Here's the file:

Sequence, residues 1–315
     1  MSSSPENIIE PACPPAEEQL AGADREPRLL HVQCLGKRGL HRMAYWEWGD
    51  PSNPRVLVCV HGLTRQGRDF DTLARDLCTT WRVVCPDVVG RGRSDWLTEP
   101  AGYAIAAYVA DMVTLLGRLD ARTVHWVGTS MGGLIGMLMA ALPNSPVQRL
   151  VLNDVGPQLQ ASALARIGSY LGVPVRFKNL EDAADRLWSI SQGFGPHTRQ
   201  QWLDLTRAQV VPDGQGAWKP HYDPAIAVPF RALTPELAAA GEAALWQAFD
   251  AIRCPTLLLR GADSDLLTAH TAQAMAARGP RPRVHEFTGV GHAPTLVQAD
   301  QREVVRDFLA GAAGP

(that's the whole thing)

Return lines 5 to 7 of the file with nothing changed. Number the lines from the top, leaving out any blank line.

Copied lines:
   151  VLNDVGPQLQ ASALARIGSY LGVPVRFKNL EDAADRLWSI SQGFGPHTRQ
   201  QWLDLTRAQV VPDGQGAWKP HYDPAIAVPF RALTPELAAA GEAALWQAFD
   251  AIRCPTLLLR GADSDLLTAH TAQAMAARGP RPRVHEFTGV GHAPTLVQAD